Join us via ZOOM on Friday, September 3, at 3 PM to hear
Dr. Ervenko speak on....
A glimpse into behavioral epidemiology: How dynamic human behavior affects the COVID-19 pandemic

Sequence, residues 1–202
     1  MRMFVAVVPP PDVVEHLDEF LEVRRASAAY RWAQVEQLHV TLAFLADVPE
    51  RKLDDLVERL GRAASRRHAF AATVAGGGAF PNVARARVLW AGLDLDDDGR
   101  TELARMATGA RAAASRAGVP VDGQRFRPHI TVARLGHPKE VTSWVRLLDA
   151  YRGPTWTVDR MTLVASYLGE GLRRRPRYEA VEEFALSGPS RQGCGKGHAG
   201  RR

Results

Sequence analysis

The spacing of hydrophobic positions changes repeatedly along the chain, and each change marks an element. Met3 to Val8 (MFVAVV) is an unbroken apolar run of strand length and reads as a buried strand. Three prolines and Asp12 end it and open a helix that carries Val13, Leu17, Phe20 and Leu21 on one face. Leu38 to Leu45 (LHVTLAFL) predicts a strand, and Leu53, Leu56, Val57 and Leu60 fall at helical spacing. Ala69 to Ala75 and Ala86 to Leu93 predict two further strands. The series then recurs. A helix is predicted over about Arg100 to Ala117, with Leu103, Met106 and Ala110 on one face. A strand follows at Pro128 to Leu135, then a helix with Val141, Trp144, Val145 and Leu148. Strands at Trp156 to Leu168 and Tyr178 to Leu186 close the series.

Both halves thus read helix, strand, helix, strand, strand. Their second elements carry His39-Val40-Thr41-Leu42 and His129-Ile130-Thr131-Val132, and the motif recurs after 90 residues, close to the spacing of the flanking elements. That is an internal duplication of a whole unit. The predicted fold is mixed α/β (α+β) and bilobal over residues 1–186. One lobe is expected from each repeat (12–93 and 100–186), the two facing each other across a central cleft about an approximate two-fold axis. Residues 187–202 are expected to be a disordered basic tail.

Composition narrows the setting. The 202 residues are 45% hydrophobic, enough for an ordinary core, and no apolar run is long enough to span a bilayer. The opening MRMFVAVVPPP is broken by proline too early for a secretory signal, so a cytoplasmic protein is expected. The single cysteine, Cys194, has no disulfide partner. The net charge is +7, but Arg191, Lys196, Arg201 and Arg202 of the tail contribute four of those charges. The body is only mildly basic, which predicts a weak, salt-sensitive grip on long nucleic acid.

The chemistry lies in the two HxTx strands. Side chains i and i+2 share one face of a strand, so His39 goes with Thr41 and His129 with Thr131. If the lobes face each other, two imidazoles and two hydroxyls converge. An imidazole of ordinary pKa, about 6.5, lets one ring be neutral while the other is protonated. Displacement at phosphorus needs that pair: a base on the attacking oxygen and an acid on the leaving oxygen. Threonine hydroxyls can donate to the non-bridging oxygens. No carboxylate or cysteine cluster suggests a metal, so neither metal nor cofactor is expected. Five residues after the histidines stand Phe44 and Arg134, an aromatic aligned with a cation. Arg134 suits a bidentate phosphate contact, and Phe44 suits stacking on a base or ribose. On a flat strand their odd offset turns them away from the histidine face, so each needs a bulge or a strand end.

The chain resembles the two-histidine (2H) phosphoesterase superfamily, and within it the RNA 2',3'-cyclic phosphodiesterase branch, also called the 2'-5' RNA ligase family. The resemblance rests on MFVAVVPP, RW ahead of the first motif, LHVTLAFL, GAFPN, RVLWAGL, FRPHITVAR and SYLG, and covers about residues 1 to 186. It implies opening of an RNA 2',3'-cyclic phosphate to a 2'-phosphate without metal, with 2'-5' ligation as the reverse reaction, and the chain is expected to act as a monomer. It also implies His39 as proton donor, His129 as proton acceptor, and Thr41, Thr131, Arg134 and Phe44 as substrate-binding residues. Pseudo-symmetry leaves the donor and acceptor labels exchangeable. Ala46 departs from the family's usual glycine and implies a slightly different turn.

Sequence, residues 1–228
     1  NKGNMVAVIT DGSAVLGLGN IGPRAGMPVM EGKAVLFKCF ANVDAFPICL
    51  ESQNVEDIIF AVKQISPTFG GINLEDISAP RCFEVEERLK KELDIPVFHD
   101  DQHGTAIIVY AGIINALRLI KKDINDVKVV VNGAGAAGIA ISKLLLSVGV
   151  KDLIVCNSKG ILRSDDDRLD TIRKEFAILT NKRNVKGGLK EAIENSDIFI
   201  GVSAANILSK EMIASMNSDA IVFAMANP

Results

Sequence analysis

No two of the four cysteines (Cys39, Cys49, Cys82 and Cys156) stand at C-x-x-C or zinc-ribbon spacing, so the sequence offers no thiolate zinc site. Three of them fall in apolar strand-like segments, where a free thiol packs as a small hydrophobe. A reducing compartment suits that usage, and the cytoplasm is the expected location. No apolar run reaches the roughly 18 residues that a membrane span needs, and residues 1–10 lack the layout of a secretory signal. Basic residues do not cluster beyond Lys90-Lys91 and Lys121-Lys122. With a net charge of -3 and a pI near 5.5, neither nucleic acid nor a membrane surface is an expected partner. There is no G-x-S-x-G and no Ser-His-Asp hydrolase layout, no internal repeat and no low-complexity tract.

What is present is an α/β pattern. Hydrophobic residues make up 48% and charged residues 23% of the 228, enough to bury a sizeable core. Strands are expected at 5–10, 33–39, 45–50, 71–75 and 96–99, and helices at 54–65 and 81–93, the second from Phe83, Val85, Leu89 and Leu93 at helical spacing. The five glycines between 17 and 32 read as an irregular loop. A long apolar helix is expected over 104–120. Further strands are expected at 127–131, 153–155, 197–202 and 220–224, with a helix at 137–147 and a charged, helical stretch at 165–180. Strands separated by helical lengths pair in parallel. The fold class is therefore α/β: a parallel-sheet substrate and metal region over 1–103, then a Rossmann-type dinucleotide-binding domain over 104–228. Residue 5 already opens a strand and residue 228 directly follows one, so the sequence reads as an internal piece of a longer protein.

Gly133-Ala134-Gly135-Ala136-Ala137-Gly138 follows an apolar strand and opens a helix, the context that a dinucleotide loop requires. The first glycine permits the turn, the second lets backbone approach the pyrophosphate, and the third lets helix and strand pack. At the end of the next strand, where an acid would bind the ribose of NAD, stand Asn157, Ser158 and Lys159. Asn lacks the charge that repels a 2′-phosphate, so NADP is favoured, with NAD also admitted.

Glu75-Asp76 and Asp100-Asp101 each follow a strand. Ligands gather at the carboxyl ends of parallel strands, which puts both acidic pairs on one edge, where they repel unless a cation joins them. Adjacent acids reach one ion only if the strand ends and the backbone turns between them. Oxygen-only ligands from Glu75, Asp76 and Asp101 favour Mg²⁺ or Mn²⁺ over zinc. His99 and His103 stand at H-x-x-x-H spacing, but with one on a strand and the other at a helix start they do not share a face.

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Abstract: The COVID-19 pandemic has caused more than 20 million cases and 800 thousand deaths worldwide to date. Neither vaccines nor therapeutic drugs are currently available for this novel coronavirus. All measures to prevent the spread of COVID-19 are thus based on reducing contact between infected and susceptible individuals. Most of these measures such as quarantine and self-isolation require voluntary compliance by the population. Yet humans may act in their (perceived) self-interest only. We construct a mathematical model of COVID-19 transmission coupled with a dynamic game model of adaptive human behavior. We model the social evolution of human behavior using imitation dynamics. Individuals adopt various behavioral strategies based on perceived prevalence and burden of the disease and sensitivity to isolation measures, and they periodically revise their strategies by imitating the strategies of other (more successful) individuals. This results in complex interplay between the epidemiological model, which affects success of different strategies, and the game-theoretic behavioral model, which in turn affects the spread of the disease. Our main findings demonstrate that the second wave of the pandemic, which has been observed in the US, can be attributed to rational behavior of susceptible individuals, and that multiple waves of the pandemic are possible if the rate of social learning of infected individuals is sufficiently high.